Dodge City Community College Board of Trustees candidates answered a series of questions during a candidates forum at the college’s Little Theater on Tuesday.

The eight candidates are incumbents Merrill Conant, Gary Harshberger and Morris Reeves and candidates Bill Hammond, Mia Schraeder Korbelik, Kathy Ramsour, Dan Reichenborn and Pete Weil. The eight are seeking one of four open spots on the board, which will expand to seven members next year.

While early questions from moderator Dan Love drew generic responses from most of the candidates,  two questions near the end of the evening drew heated responses.

The first question was about conflict of interest when a relative is an employee of the college. Both Weil and Hammond believed the question was directed at them and both made sure the 100 or so people gathered knew it wasn’t illegal.

"My son is on the faculty," Weil said. "The main thing is that a board member, when faced with a possible conflict of interest, must recuse themselves from the issue.

"But I believe this question is directed at me."

"I’d have to disagree with Pete as I believe the question is directed at me because of my wife," Hammond said. "My wife has said she would resign as president of the Faculty Coalition if I’m elected, but she will remain on the faculty.

"Pete’s right about recusing oneself from an apparent conflict of interest."

Korbelik, who has served on other college boards, believed if board members put the college first, it wouldn’t matter.

"If there is even the appearance of a conflict of interest, the member needs to recuse," she said. "It’s important to make sure the board is above reproach and that all members put the needs of the college first while on the road."

Candidates were also split when talking about recent investigations by the Kansas Board of Regents and attorney Alan Glenndenning and the results revealed thus far.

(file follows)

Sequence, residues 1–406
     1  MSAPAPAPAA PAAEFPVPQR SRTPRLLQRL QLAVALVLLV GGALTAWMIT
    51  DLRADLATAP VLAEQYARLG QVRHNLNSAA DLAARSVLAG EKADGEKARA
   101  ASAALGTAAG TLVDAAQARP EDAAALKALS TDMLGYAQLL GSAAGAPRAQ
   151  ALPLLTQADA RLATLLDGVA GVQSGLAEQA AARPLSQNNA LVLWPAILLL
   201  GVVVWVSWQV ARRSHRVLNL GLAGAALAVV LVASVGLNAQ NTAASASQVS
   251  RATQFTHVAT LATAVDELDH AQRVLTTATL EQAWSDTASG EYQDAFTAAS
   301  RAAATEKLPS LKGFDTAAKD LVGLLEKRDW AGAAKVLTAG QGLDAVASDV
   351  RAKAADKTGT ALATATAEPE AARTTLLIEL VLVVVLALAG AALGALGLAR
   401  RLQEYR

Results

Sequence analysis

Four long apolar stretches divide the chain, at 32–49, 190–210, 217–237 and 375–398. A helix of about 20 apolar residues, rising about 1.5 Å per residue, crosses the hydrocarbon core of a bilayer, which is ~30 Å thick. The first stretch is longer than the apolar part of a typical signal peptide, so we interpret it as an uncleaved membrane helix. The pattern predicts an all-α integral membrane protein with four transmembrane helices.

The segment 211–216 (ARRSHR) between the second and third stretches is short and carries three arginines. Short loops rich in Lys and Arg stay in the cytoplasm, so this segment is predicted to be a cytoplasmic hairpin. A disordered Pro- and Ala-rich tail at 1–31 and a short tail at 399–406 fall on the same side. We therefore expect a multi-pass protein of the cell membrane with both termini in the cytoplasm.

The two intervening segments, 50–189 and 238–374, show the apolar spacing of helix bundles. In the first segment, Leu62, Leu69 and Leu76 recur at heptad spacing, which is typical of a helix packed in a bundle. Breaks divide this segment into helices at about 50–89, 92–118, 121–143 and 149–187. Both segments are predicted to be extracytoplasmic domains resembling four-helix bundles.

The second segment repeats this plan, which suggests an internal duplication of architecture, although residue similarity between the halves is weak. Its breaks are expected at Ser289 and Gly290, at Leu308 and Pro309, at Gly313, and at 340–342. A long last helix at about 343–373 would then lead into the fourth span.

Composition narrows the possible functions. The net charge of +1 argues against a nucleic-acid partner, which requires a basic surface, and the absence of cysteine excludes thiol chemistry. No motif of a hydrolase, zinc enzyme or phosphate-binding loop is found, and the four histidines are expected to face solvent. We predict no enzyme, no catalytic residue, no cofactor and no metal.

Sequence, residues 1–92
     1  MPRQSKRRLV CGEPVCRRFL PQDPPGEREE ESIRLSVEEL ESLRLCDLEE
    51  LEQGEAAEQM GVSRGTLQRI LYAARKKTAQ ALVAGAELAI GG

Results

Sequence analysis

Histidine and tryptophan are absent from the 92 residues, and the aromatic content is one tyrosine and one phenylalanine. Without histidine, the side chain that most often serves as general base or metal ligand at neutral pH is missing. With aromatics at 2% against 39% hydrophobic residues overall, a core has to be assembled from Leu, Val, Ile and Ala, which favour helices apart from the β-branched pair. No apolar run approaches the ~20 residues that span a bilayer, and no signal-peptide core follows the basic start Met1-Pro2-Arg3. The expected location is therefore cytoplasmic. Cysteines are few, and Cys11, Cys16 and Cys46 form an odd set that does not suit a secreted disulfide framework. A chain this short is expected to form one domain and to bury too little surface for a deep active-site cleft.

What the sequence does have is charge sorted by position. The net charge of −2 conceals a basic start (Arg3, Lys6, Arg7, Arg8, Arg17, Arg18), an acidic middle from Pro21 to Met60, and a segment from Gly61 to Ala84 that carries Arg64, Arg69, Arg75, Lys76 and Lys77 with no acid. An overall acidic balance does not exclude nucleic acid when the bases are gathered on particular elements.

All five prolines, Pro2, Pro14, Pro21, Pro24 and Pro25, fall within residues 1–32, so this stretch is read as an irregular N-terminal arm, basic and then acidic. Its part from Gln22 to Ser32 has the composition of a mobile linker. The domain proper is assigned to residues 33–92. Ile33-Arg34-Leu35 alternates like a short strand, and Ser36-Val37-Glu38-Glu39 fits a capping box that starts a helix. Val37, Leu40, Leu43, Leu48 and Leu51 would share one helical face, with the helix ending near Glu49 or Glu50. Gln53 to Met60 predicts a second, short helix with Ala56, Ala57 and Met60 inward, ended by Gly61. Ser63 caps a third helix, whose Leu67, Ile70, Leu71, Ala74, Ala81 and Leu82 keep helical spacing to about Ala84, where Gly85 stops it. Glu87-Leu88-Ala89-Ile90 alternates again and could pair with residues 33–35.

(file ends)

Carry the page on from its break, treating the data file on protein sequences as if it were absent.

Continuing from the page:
"It’s definitely the board’s fault," said Reichenborn of what has been discovered. "A good board should know what’s going on.

"I have been accused of micromanaging when I was on the school board, but if it protects the district, yes, I will micromanage."

Harshberger gave a different point of view.

"The board started hearing about some of the allegations 2 years ago," he said. "I joined the board when Don Webb retired because I felt I could help.

"This has been going on for 2 years and the board is learning from it and doing its best with a bad situation."

Ramsour believed the situation wouldn’t happen again.

"It’s done and I agree with Gary that you learn from things," she said. "I believe now that the board has gone through this that it will not happen again.

"It takes going through a situation to understand it and put policies in place to prevent it from happening again."

Weil thought it inappropriate to discuss the investigations because there may be more coming out of it at a later time — including possible criminal charges — while Hammond joined Reichenborn in laying the blame on current board members.

Conant, who has been a member of the board for 12 years, admitted in his time on the board they have never faced an issue such as the investigations, but that when the new president, Dr. Harold Nolte, came in and things started to come out, the board has done what it could as fast as it could.

"The biggest thing is we had to have the investigations and we had to have answers before we could do anything," he said. "I’m proud of how we’ve done our business to insure students and the college came first."

Interestingly, while some candidates blamed the current board and others blamed former DCCC president Don Woodburn, not one candidate blamed former executive vice president Danny Gillum, who was the target of the investigations.

Other topics included Higher Learning Commission qualifications, 4-year degrees being offered in Dodge City, a possible Title IX violation and more.

"We are working hand-in-hand with the Higher Learning Commission to make sure our faculty have the qualifications needed to teach their classes," Reeves said. "There has been some disagreement with some faculty on this, but we need to do it right for accreditation."

The top four vote-getters on Nov. 7 will earn spots on the DCCC Board of Trustees.


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